It used to be that you needed a large factory to produce things like bikes and cars. Now, you can do it with a printer. A printer? Yes, a printer. Every 3D object is a combination of 2D layers. Special precision printers build microscopic layer upon layer until the desired object is born. It sounds very sci-fi, but it’s a proven science that some people use today to build everyday objects.
How 3D Printing Works
3D printing was originally patented by Chuck Hull in the mid-1980s. Since that time, the technology has improved dramatically. Now, pretty much anyone with some space in their home can set up a 3D print shop and create production-ready items.
The first thing you need is a conceptual design. These are done on a computer with digital modelling (CAD program) or animation modelling software. If you don’t happen to be a designer, there are a few places where you can download ready-made designs. if you want a truly customised part, hire a designer.
Once you’ve got the design, it’s time to print it. The files types used for this type of printing are STL files. These files are “stereolithography” or “Standard Tessellation Language” files. They contain three-dimensional polygons, sliced up, so that the printer can easily process the information.
All 3D printing occurs through an additive manufacturing process. In other words, items are produced by layering materials on top of one another, and then fusing those materials together. The finished product is equivalent to something you would see made in a large-scale factory in some cases.
All 3D prints share a common element – they are built in layers. In fact, if you look closely enough, you may be able to see the layers on some finished products. However, high-end printers are often quite good at “hiding” the layers. For example, the Objet Connex can lay down materials at just 16 microns thick.
3D Printing Projects: A Bicycle
A lot of projects have evolved over the years to take advantage of this technology. The oddest is 3D printed meat. Yes meat. A start-up, called Modern Meadow, wants to solve the world’s hunger problem by printing meat on demand.
Other startups just want to make something as simple as a bike.
In Filton, two engineers have set out to create a working bicycle made out of a special powder designed for 3D printers. While most engineers understand just how awesome this technology is for solving manufacturing problems and creating parts “on the fly,” it has escaped the purview of everyday citizens because – well – who needs to be able to print a ball bearing for a wheel hub, a valve, or hinge brackets for an engine cowling? Answer: only engineers, really.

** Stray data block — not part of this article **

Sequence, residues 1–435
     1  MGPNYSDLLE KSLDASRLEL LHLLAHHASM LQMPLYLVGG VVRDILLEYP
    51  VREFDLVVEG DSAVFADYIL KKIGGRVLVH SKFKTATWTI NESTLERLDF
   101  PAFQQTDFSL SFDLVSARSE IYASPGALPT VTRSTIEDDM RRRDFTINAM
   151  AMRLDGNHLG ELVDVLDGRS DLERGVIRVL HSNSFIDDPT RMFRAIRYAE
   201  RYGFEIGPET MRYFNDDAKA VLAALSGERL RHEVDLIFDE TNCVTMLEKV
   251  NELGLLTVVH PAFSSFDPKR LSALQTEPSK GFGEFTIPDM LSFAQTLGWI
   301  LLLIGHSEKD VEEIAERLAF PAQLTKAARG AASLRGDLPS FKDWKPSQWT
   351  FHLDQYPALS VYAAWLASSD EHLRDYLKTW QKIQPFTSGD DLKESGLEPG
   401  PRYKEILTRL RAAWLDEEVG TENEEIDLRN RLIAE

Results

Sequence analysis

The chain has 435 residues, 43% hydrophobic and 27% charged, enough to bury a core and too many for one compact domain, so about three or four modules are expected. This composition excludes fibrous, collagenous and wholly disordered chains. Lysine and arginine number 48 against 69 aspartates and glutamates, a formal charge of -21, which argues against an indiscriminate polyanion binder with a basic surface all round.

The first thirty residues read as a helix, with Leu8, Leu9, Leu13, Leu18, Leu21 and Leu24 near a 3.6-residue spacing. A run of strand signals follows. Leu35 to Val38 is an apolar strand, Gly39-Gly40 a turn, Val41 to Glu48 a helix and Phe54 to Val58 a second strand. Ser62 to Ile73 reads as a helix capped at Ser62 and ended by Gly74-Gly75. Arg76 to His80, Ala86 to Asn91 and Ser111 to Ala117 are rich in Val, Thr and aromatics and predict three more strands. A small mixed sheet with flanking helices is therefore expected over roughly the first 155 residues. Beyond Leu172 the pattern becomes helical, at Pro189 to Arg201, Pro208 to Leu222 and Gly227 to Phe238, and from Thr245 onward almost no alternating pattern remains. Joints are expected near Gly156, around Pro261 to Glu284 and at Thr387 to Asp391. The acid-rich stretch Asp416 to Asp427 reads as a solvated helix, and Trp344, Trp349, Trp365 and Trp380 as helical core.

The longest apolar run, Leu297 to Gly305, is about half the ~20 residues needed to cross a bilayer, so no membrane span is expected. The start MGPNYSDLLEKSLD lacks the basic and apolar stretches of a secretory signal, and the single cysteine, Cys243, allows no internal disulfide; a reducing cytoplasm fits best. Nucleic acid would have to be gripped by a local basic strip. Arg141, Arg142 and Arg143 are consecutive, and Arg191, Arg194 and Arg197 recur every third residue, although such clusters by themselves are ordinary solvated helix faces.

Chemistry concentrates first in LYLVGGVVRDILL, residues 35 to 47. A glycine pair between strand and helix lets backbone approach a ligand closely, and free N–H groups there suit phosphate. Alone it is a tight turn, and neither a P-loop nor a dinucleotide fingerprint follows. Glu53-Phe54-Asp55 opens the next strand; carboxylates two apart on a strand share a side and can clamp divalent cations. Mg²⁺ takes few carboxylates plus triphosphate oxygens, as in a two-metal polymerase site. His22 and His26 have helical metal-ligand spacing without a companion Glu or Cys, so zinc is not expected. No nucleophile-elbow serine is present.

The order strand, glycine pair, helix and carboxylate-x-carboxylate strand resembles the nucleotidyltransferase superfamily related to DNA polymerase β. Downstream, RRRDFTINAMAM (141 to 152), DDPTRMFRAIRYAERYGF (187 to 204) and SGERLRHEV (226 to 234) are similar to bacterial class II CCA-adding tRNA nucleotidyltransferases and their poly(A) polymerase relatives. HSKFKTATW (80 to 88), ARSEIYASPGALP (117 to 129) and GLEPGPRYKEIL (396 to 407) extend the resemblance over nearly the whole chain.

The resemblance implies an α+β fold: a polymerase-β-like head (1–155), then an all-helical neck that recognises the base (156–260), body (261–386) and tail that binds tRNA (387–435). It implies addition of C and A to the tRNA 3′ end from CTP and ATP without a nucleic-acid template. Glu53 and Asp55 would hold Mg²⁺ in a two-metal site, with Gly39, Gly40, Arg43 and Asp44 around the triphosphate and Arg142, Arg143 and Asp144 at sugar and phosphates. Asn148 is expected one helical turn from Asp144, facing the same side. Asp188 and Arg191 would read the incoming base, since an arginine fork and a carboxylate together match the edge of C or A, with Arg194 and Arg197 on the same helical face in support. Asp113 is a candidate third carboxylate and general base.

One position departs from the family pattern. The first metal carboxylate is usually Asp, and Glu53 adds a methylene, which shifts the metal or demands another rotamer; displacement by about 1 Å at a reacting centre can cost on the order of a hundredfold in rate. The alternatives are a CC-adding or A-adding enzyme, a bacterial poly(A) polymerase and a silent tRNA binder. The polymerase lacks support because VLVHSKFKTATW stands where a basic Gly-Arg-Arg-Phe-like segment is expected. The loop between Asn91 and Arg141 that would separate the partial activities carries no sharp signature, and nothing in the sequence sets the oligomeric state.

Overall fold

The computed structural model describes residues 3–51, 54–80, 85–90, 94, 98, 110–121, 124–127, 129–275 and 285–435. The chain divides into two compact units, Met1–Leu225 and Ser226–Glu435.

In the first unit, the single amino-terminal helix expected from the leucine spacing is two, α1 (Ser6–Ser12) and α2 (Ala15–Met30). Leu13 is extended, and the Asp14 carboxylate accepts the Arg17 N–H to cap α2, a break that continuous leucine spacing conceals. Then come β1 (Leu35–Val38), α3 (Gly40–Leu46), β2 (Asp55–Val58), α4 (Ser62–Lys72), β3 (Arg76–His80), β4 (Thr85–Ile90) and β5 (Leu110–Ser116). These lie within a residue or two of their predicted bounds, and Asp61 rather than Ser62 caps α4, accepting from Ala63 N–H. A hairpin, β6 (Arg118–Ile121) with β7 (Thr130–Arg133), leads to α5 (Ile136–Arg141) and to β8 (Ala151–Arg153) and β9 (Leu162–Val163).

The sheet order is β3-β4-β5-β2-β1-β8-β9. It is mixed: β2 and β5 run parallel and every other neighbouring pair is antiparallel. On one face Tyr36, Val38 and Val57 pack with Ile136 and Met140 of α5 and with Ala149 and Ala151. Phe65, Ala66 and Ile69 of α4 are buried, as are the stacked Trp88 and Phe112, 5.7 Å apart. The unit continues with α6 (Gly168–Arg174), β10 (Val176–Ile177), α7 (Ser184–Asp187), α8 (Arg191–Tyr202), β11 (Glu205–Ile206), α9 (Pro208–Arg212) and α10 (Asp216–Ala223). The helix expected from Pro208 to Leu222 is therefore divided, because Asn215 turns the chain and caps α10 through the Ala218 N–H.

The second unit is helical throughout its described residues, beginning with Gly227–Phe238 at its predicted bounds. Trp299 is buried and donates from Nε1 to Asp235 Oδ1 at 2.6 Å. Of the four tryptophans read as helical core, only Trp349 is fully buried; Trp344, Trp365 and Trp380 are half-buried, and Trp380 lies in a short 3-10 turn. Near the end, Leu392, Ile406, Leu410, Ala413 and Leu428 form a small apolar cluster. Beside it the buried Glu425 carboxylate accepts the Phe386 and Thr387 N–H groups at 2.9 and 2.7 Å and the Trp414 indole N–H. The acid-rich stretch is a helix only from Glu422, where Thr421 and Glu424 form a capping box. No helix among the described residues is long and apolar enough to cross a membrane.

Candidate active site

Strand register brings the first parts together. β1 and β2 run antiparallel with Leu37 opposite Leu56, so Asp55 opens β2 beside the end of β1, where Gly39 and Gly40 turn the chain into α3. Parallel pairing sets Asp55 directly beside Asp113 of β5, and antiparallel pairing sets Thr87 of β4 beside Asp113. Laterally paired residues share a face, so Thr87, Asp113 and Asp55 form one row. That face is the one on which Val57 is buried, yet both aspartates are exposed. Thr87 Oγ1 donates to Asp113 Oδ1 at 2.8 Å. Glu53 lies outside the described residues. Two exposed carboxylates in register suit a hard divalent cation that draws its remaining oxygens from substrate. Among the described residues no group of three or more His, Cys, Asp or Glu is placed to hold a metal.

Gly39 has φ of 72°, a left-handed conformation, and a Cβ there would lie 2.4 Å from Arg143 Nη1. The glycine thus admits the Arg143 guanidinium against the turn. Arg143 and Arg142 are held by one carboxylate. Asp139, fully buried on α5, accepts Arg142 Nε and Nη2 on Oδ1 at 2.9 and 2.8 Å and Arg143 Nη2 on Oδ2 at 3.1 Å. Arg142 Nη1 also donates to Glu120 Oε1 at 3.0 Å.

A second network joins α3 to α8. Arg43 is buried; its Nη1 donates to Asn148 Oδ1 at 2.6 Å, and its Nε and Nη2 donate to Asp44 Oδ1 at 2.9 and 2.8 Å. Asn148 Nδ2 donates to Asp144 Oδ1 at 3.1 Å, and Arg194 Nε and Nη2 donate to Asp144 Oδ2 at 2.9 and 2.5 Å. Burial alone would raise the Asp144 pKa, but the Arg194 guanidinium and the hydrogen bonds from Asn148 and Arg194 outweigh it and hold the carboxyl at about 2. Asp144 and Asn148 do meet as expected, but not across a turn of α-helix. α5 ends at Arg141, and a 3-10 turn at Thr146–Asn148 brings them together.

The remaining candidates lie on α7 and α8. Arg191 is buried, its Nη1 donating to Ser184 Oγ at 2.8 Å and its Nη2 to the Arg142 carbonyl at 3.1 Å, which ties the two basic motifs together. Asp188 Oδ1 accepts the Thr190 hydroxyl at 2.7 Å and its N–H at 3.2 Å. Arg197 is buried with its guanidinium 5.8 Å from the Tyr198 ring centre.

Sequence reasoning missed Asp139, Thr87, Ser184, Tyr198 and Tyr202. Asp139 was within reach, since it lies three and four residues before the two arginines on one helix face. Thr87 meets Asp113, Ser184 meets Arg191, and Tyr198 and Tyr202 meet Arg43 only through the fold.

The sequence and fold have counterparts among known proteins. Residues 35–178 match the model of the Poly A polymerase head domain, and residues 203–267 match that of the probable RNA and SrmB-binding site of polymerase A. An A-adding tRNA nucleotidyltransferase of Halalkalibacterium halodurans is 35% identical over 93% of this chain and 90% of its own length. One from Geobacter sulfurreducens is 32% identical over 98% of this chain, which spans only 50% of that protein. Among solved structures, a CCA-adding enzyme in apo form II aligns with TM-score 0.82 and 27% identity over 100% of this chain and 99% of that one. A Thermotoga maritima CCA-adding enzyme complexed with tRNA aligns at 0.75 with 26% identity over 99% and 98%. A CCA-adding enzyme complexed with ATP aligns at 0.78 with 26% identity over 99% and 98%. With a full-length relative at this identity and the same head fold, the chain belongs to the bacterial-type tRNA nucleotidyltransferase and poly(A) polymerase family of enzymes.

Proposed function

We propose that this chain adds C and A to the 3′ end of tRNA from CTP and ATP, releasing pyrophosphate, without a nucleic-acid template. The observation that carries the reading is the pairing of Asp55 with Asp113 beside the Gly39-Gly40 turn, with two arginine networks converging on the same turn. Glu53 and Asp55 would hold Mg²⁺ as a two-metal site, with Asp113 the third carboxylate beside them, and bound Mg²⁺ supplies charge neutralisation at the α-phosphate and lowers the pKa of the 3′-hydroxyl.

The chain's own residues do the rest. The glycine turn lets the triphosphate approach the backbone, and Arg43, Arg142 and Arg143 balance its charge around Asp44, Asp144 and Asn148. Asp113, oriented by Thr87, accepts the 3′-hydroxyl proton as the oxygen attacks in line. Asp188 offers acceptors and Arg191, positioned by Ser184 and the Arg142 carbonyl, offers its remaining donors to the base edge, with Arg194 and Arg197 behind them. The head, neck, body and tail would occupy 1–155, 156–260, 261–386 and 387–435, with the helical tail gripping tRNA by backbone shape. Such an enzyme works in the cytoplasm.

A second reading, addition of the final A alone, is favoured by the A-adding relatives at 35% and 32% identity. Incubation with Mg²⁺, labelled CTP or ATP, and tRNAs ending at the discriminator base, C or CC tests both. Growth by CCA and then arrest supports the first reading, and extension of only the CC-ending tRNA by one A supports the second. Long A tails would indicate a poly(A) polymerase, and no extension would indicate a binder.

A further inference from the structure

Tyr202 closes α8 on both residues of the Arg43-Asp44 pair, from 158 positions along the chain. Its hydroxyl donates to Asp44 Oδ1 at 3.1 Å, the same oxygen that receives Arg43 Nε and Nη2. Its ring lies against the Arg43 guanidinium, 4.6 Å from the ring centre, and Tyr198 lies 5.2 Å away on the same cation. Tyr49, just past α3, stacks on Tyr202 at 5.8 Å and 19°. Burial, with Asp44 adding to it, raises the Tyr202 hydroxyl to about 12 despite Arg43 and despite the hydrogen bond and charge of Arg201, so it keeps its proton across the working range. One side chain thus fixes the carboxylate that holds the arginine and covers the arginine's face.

But making the printing process a commercial success depends on appealing to the retail market. If normal people can make everyday objects, it’ll be the greatest invention since the printing press or the personal computer. Imagine being able to make a new toaster at home if yours breaks – or even a new set of glassware.
Andy Hawkins and Chris Turner are the brains behind a new nylon bike made entirely with a 3D printer. Working at the Aerospace Innovation Centre in Bristol, UK, they are able to show the power this technology holds for consumers.
The first step in the process was the design. Special design problems included the ball bearings and a bike handle that turns.
Ball bearings are especially difficult to design, because they needed to be made inside the hub assembly. If the bearings came out too loose or too tight, the entire bike would have failed to function properly.
Fortunately, the team eventually got it working after a few failed attempts. The prototype is something that the two actually rode around a parking lot – proving that the technology has practical uses for making everyday objects.
A far more challenging project is creating a working automobile that can be driven on the public roads, but that’s exactly what Jim Kor wants to do. His vision is coming to life thanks, in part, to 3D printing. His creation is called the “Urbee 2,” and it promises to revolutionise the automobile industry.
Because the vehicle isn’t made on an assembly line, there are no employees to pay (except those running the printers). The “design in layers” means that there are fewer smaller parts and more large unibody-type pieces. This isn’t Kor’s first time up to bat either. He’s designed tractors, buses, and commercial swimming pools too. So, a car should be a snap, right? Not so fast.
While the printing process is “lights out” (all he has to do is start the printer and turn the lights out and walk away), the design process is intensive.
Once that initial designing is done, however, the process is easy to replicate. There’s not much in the way of assembly, since smaller pieces like vents, interior door panels, knobs, and levers can be constructed together. Some parts, like vents, can be constructed without visible seams, providing an excellent fit and finish when the vehicle comes “hot off the press.”
Another benefit to reducing the number of individual pieces is that the vehicle itself sheds weight. Coming in at just 545 kg, it’s one of the lightest vehicles on the road. Because it’s comprised of just 50 pieces, damaging a component might mean that an entirely new vehicle must be constructed. This hasn’t deterred Kor though.
For him, the standards for safety are high – “We’re calling it race car safety,” he says. Ideally, the car will pass a tech inspection required at Le Mans. However, it’ll be street legal. With just three wheels, it’s more of a motorcycle than a passenger vehicle. Also, it will have a metal tubular frame and a traditional diesel engine coupled to an electric motor.
Still, the shell of the vehicle will be at least as strong as its sheet-metal counterpart. Kor has 14 orders for his printed car already. The cost of the prototype is estimated to be about £33,000 – comparable to the cost of a traditionally constructed vehicle.